Last week there was an attempted coup in Manila, resulting in a declaration of emergency rule.
So what's new?
That was the reaction of some Filipino bloggers who wrote about last week's murky events. Leftists and groups opposed to President Gloria Macapagal Arroyo had planned protests between Feb. 22 and 24, days which happened to coincide with the 20th anniversary of the country's 1986 “People Power” revolution, a bloodless uprising that overthrew longtime dictator Ferdinand Marcos. Rebel elements of the military were to join the protest. Two senior officers in the military said as much to the armed forces chief of staff. So on the morning of Feb. 24, Arroyo issued a decree, Proclamation 1017, which placed the country under a state of national emergency.
In Manila, the city that cannot keep a secret, rumors of a coup had been circulating for days before the proclamation. On Feb. 24, caffeine sparks wrote: “When I woke up today, I knew something was up. I texted my friend Luisa “I've a feeling something's gonna happen today. There's electricity in the air.” She responded, “Is it good or bad?” I replied, “Good for some, bad for others, but exciting for all.””
Jessica Zafra only found out about it while talking on the phone with her sister in Minneapolis. She realizes she is out of groceries and decides that martial law or not, she won't go hungry. She pens a dispatch from the supermarket: “Everyone is brisk but quiet, except for the middle-aged white European in line at the checkout counter. He seems frazzled. That's what happens when you're accustomed to living in an orderly society: a little rebellion throws you into a tizzy.”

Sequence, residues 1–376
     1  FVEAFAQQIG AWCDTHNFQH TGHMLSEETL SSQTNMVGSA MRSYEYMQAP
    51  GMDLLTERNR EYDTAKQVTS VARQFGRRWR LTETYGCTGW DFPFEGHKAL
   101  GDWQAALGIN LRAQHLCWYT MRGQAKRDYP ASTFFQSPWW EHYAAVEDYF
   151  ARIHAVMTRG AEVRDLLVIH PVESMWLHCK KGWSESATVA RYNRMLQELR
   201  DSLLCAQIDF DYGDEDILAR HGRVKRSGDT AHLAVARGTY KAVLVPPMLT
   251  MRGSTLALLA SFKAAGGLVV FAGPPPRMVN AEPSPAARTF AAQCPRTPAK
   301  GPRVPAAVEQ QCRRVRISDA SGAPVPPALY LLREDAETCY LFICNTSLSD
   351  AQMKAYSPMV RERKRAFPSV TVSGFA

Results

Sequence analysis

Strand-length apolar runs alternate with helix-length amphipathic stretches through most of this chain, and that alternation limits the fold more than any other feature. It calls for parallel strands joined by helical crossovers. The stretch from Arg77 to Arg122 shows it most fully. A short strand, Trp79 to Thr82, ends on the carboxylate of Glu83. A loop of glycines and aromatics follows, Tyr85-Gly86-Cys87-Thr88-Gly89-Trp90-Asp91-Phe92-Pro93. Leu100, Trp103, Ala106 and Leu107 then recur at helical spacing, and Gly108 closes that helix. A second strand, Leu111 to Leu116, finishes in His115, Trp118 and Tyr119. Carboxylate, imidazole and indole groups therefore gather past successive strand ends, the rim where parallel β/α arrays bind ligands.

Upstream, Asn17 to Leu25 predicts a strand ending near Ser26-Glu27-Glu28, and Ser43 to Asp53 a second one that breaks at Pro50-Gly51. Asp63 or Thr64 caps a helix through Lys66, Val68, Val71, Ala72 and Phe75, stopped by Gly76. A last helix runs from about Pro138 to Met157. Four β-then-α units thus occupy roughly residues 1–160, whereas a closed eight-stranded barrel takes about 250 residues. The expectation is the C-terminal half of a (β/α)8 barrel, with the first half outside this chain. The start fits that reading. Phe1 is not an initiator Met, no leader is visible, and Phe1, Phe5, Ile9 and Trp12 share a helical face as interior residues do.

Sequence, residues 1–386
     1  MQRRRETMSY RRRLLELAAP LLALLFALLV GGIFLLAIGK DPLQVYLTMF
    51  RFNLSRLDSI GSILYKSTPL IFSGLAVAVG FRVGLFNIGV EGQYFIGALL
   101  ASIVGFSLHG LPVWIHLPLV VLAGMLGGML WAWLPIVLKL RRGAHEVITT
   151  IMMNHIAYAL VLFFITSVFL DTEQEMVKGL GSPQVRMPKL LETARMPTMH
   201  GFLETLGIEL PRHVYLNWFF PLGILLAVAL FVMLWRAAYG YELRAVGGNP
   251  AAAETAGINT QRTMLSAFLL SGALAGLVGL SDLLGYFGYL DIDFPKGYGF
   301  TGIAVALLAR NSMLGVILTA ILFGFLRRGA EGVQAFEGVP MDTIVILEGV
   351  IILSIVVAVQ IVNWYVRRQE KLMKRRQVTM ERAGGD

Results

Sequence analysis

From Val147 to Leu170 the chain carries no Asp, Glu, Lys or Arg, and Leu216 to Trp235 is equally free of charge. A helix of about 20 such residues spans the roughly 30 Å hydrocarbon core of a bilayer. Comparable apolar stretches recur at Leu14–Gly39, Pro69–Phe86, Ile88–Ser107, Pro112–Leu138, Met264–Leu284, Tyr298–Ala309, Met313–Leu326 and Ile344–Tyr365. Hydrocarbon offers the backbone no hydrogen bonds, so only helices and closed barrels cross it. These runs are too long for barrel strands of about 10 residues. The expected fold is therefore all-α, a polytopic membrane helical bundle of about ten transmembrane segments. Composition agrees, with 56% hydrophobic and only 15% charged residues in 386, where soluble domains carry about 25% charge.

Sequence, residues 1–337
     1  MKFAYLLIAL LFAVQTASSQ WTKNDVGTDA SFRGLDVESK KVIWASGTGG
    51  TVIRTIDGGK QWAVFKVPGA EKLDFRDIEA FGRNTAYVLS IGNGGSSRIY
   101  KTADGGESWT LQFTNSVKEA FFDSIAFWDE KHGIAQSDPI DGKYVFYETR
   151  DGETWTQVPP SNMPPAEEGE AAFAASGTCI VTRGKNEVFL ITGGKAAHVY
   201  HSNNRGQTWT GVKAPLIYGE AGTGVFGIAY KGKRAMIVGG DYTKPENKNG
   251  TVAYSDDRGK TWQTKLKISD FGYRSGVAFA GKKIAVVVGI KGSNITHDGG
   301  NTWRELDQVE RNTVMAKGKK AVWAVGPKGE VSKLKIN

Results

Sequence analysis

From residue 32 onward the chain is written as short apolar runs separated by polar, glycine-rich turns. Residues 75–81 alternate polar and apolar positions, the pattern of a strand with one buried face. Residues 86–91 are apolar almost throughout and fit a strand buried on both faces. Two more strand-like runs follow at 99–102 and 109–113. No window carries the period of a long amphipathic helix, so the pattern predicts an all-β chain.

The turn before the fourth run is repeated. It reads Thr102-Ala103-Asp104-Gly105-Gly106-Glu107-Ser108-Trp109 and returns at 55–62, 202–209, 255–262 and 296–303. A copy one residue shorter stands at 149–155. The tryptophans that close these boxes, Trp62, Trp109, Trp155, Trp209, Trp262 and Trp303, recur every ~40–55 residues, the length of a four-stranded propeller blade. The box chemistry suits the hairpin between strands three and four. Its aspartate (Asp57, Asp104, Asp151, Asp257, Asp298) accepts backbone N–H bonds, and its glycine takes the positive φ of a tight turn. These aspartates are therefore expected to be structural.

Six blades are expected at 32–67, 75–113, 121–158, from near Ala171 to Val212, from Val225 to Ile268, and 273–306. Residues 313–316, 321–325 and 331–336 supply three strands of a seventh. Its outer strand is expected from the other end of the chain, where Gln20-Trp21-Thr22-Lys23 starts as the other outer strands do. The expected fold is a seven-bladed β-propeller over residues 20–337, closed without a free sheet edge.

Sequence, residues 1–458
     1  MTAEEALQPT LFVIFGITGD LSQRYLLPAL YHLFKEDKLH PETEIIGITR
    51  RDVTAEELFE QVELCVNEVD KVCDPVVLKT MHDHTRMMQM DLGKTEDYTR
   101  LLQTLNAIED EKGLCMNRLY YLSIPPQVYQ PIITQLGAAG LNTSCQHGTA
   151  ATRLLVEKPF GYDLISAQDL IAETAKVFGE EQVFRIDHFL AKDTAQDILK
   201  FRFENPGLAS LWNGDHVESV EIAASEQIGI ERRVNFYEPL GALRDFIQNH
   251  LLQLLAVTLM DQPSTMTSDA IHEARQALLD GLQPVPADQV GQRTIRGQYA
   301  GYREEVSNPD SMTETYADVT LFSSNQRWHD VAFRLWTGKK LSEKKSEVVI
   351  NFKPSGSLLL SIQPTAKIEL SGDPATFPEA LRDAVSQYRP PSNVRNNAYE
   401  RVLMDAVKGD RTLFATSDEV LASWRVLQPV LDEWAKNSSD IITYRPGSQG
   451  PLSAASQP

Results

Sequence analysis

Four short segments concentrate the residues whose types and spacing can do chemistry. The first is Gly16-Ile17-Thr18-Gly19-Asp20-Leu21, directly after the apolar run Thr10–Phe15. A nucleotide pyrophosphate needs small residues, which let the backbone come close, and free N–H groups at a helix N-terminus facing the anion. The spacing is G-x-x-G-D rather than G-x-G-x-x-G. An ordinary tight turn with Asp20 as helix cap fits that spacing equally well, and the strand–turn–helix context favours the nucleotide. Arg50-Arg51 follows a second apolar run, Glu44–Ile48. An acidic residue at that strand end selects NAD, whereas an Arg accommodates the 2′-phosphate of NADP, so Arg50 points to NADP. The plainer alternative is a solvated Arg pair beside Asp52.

Marches and rallies did occur that day, which Torn and Frayed in Manila attended (the rallies were dispersed later that day). Manuel L. Quezon III was there, too. Professional journalist Jove Francisco, who covers the President, tells us what it was like in and around the presidential palace.
Reactions in the aftermath of Proclamation 1017 have been varied. Bangketa Republique is indignant and angry. The media worried about threats to civil liberties. Local law bloggers, such as San Juan Gossip Mills Outlet and Sassy Lawyer, discussed the legal implications of Proclamation 1017. Walk This Way declared his support for Arroyo: “Long live the midget.” Notes from the peanut gallery expressed exasperation: “Oh, please. Enough of this crap. I have better things to do. We do not understand democracy. We are political juveniles, mired forever in schoolyard agenda.”
Most of all, though, the events were eerily reminiscent of Marcos’ 1972 declaration of martial law, which cemented his rule and ended – 24 years later – in the very People Power revolution that last week's coup plotters were invoking. Writes Zafra:
The question is not “Why is this happening?” but “Why is this happening. . .again?” We are caught in a loop and forced to relive recent history at regular intervals. We are living proof of Nietzsche's theory of eternal recurrence—on speed. Or maybe we all have that neurological condition that prevents new memories from forming, and we're doomed to repeat the same day over and over and over again…
By the time Monday rolled around, caffeine sparks‘ initial excitement had been replaced by bemusement.
I can't make heads or tails of what just happened and what my own reactions are for the time being. I am neither indignant (as many middle class folks are) nor pessismistic (as many academics are). What I am is entertained…
…People power is the first in the long wave of democratization in the late 80s; appropriate time, ripe context. We showed the world how to overthrow a useless (and I say this because he failed to be developmental) authoritarian leader without a single drop of blood shed. Well and good! But let us leave it in the annals of history as a short and sweet moment of glory.
Today, EDSA People power is no longer “revolutionary.” It has become as predictable as Kris Aquino‘s lipo sessions. It has become good entertainment, excellent television.